Through participation in the contest Tramtatulis, the younger generation is encouraged to take interest in their native areas’ intangible cultural heritage, strengthen and expand the perception of their cultural identity, which forms the children’s, youth’s and the society’s in general positive outlook towards folk culture, promotes children’s and schoolchildren’s self-expression and creativity in the field of traditional culture, develops their artistic skills, educates future folklore and dialects bearers, folklore performers (singers, musicians and storytellers), participants of the folklore movement, related events and initiators, involving as many young people as possible in these activities. All the goals are achieved through performances, memorable concerts, sound and video recordings, broadcasts, and the organization of theoretical and practical trainings for children and teachers.
How it was done
In today’s society some of the most active tradition practitioners in Lithuania are children and youth folklore groups, studios and clubs. The majority of the members of the said communities are motivated to take part in the contest Tramtatulis. One more group of participants is kindergarteners and students of various types of schools (music, art, primary, secondary, gymnasiums) – they are trained by teachers and kindergarten educators. A contestant’s performance is preferred to reflect the represented region, the songs and stories should be sung and told in dialect. It is especially encouraged to choose the repertoire from one’s family – grandparents, great-grandparents, relatives, as well as the place where one lives. Some of participants, while outgrowing their age group, improve their narrative or singing skills, others choose different musical instruments or play in groups of different composition each year. There are also those who have mastered several traditional instruments or works of various types of folklore. For this purpose two new nominations were established – Multitalented musician and The best of the best. Some participants prepare themselves for the contest. The judges select laureates and diploma winners from the five age groups and the different genres of folk art. The national round laureates, diploma winners and their teachers are awarded prizes during a beautiful laureates’ concert, which is broadcasted on TV or the internet, and, finally, the laureates are recorded in sound studios, which later release CDs. These are used as methodological tools for other teachers and folklore ensemble leaders. Also, the public is invited to listen and learn about the talented children, who masterfully and uniquely convey folklore. Tramtatulis laureates are invited to participate in various events, celebrations and TV programs.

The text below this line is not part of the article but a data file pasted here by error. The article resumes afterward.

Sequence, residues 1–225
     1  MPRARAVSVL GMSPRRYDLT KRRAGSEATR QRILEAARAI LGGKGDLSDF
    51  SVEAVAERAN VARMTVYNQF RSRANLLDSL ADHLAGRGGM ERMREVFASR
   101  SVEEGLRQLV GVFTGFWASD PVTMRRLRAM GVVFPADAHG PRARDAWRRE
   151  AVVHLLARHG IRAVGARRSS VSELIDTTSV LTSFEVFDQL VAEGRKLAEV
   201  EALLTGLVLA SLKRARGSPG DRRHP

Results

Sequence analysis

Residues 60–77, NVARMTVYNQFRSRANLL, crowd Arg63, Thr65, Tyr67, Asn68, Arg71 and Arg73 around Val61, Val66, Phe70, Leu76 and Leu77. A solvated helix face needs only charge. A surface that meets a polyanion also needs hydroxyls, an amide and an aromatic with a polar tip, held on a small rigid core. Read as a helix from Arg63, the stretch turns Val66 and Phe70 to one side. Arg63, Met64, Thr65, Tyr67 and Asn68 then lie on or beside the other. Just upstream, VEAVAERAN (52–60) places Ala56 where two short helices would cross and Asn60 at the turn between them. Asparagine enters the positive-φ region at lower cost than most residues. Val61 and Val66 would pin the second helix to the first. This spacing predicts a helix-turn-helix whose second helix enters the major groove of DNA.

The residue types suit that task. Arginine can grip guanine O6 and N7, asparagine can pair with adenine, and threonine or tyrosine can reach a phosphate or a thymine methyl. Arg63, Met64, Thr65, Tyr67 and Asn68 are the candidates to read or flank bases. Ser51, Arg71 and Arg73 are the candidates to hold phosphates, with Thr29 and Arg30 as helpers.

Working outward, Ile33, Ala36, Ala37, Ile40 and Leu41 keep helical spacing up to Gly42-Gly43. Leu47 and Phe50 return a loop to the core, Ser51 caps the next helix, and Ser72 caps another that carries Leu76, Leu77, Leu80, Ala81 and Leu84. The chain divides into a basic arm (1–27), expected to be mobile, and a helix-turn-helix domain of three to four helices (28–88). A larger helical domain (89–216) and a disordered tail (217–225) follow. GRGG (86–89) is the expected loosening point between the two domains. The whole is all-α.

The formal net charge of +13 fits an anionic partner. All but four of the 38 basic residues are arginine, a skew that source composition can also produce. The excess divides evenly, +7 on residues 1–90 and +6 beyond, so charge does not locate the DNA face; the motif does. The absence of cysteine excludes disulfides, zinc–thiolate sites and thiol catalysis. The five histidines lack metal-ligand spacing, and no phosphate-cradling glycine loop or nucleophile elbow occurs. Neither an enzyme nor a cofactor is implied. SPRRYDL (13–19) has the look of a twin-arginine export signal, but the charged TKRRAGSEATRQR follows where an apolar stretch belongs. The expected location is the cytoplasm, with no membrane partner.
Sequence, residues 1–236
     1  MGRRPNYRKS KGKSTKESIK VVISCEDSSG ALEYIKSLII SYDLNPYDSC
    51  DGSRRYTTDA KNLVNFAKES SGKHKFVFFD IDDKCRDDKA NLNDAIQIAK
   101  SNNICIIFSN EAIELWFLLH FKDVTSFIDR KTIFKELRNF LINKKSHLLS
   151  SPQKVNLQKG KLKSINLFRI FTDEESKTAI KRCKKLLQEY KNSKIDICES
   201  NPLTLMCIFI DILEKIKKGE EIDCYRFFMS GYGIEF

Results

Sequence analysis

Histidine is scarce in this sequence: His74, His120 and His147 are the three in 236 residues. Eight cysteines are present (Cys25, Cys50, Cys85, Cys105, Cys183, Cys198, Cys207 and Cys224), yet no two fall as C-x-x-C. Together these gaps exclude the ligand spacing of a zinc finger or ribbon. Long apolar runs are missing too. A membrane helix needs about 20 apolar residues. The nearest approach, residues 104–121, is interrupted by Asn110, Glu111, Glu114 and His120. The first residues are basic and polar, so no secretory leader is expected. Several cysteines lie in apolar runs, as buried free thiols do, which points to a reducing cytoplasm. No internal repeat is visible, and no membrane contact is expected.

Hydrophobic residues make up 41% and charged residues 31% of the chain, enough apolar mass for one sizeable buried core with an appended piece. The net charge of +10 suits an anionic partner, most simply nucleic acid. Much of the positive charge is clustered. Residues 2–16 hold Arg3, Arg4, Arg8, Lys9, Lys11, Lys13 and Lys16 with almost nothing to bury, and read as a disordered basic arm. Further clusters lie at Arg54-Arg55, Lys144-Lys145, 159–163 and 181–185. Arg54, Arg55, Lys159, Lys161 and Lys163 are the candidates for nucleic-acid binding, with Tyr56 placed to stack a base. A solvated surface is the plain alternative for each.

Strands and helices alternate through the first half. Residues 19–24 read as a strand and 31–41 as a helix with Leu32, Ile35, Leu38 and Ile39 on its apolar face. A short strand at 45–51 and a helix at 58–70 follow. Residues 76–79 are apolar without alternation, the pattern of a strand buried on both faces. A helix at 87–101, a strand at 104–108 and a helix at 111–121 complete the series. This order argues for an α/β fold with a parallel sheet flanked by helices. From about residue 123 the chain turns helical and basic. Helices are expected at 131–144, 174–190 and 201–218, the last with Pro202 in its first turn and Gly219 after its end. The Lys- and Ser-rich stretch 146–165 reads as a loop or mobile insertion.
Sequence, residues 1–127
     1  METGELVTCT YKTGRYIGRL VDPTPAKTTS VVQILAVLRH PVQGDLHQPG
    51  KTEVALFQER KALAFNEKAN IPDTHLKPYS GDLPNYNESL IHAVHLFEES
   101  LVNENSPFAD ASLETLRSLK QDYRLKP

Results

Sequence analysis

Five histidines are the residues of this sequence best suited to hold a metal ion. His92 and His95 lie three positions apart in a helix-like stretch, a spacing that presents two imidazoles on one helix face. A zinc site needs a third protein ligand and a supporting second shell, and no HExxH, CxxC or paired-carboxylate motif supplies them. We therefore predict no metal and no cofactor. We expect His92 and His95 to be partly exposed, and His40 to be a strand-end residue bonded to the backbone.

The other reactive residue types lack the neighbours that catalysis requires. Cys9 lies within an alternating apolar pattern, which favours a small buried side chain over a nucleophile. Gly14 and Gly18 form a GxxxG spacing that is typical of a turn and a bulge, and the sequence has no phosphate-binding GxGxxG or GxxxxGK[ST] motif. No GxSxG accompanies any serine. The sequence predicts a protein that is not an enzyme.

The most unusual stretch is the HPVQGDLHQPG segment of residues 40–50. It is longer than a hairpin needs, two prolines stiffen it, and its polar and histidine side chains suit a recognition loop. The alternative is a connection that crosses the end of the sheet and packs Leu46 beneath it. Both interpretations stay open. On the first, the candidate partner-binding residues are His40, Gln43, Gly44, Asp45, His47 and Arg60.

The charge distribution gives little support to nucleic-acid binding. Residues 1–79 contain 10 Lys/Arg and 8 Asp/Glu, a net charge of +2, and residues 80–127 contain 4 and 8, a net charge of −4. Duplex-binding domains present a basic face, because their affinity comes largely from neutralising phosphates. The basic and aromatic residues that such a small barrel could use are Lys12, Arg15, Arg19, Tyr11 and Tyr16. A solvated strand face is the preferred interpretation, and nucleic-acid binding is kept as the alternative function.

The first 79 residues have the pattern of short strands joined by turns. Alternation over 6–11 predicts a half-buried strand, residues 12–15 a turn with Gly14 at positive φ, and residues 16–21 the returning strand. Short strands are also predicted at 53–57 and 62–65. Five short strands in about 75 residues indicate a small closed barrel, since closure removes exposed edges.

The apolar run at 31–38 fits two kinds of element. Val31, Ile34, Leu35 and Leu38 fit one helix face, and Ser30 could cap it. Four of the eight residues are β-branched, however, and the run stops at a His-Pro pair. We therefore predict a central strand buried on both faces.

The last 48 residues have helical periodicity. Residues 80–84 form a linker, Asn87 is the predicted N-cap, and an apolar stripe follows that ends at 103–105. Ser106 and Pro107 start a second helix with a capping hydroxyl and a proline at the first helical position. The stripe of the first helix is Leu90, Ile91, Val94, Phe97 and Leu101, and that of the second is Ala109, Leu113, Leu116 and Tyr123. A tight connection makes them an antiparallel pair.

The contest is organized by various education and culture institutions, it is facilitated by NGOs and volunteers. The main organizer is the Lithuanian National Culture Centre.
The context of the contest does not only convey performances, teaching children, but also the professional development of teachers in traditional singing, playing music or storytelling. Each contest is preceded by regional seminars “Child as a performer of folklore”, which introduce the contest goals, the musical folklore and the oral folklore of respective Lithuanian regions, the sources for repertoires, the peculiarities of the performance styles and manners, it also examines the video material from the previous contests. Moreover, Samogitia and Lithuania Minor regional folklore groups’ leaders and educators gather for a two-day theoretical and practical folklore workshops Tramtatulis Academy. Practical sessions are dedicated to both educators and children, various creative tasks are provided and the opportunity to learn from the best practices is introduced. During the period of the preparation for the contest Tramtatulis, some individual or groups consultations for local teachers can be provided by experts and consultants of various folklore fields.
Key factors. Sharing experiences from the safeguarding activity.
From a contest to a broad movement